Monday, March 29, 2010

Gweilo Road Trip, prt. I

Just Getting to the Damn Airport

When the alarm goes off at 4 am, Ellen says, “You’re an idiot.”

“Hey,” I say, “you want to pay 10 million dollars to fly to Shanghai?  Earlier is cheaper.”

“It wasn’t ten million dollars.”  She climbs out of bed, picks up my pile of clothes from last night off the floor and drops them on my head, not very gently, I might add.  “It was a thousand dollars.  Hong Kong.”

“Each,” I say, from under what I assume are my blue jeans.  “And whose idea was it to have three kids?  I wanted a beagle, remember?”

But she’s already gone, or at least I think so, because I can’t hear her anymore, and from under my pile of dirty clothes I can’t see her either.  And my lids are getting heavy . . .


Next thing I know, something heavy has dropped on my head. 

“Oh,” Ellen says, “you’re still in bed.  I thought you were up, making the kids breakfast.”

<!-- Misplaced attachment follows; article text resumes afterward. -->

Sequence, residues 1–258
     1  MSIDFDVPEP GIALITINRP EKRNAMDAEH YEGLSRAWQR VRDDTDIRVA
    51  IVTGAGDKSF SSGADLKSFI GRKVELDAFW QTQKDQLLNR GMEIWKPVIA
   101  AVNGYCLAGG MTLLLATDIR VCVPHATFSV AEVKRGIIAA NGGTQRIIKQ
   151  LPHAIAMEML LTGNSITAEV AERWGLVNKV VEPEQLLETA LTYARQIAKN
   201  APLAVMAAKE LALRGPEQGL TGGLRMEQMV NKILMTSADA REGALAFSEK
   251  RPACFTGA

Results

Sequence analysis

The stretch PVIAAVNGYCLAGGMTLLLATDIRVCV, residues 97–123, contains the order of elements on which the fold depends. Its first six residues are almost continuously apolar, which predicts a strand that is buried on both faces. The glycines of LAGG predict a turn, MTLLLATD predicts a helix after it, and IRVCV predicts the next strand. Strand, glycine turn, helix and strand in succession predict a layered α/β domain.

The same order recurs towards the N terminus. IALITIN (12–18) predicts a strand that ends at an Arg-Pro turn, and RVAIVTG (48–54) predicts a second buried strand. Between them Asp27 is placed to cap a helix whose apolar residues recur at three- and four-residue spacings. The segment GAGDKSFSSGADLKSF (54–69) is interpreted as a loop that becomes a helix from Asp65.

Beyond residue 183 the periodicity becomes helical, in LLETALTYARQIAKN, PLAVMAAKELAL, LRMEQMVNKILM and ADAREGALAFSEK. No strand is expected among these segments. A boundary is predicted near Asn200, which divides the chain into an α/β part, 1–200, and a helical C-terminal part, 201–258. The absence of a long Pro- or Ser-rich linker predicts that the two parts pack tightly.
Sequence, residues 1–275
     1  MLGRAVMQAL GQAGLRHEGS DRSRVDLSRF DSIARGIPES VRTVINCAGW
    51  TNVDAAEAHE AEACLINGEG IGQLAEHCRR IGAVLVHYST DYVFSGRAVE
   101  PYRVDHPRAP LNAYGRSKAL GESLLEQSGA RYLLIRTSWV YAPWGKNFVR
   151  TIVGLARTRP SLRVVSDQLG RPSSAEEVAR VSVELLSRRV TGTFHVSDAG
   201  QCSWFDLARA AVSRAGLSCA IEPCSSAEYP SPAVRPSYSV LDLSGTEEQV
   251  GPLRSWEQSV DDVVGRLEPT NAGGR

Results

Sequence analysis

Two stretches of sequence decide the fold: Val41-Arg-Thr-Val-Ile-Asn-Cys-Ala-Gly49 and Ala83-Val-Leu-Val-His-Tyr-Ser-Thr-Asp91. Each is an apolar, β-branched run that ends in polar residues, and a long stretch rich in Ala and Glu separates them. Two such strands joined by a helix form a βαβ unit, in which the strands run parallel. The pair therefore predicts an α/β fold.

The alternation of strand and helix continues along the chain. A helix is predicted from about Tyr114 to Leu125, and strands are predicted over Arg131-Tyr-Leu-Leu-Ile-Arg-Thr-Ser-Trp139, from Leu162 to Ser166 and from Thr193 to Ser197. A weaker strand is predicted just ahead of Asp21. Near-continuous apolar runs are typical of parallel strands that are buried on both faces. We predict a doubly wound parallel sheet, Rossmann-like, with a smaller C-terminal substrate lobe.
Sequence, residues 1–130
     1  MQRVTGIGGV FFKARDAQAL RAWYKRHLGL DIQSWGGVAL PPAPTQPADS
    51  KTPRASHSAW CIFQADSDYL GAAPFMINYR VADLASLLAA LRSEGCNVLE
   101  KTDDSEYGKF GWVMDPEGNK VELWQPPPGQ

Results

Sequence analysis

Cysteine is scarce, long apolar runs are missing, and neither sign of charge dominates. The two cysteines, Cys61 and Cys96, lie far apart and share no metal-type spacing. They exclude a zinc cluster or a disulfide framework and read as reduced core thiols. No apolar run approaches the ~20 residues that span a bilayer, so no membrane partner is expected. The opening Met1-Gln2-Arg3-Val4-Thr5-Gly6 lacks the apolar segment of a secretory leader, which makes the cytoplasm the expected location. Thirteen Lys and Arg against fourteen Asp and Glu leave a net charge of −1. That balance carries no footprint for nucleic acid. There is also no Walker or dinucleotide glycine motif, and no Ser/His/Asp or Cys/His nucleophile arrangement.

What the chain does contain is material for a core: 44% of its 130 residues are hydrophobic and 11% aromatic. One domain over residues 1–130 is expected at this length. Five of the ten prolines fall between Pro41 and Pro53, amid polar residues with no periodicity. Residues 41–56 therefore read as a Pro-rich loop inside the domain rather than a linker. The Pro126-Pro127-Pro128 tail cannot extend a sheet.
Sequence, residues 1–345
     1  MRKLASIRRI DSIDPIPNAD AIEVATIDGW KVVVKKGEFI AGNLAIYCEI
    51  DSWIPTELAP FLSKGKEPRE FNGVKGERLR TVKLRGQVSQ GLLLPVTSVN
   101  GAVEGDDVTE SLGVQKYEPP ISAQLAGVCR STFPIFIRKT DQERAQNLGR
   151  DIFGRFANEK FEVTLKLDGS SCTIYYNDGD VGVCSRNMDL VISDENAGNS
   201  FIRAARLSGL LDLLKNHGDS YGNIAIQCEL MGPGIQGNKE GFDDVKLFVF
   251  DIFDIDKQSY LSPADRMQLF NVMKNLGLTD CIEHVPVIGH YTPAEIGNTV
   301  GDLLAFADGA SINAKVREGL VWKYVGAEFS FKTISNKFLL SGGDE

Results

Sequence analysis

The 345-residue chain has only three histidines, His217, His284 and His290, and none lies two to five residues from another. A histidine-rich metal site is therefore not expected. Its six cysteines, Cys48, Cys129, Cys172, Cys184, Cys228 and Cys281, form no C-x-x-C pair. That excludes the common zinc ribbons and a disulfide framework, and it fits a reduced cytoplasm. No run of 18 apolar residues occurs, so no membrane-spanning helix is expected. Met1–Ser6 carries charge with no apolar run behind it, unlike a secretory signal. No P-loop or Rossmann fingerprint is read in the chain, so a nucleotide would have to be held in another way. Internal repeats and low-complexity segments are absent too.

I push whatever it is—a suitcase, it turns out—aside, touch my feet to the icy floor, and stumble to the bathroom. 

After a quick shower, Ellen and I turn on all the lights in the flat, including in the closets.  Then we nudge the kids awake. 

“What time is it?” Lucy asks, squinting. 

“Nine-thirty,” we say.  “Wakey-wakey!”

Throwing each of them into their clothes, we shove a bag of Quaker Oatmeal squares into their hands, grab the suitcases, and drag everything out into the hall. 

“Hey,” says Lucy, “it’s dark out.”

“I told you they lie,” says Will.

Ignoring them, we trudge down the hall, into the elevator, up 4 floors, and back into the night air, where the taxi we ordered the night before is waiting for us.

Or not.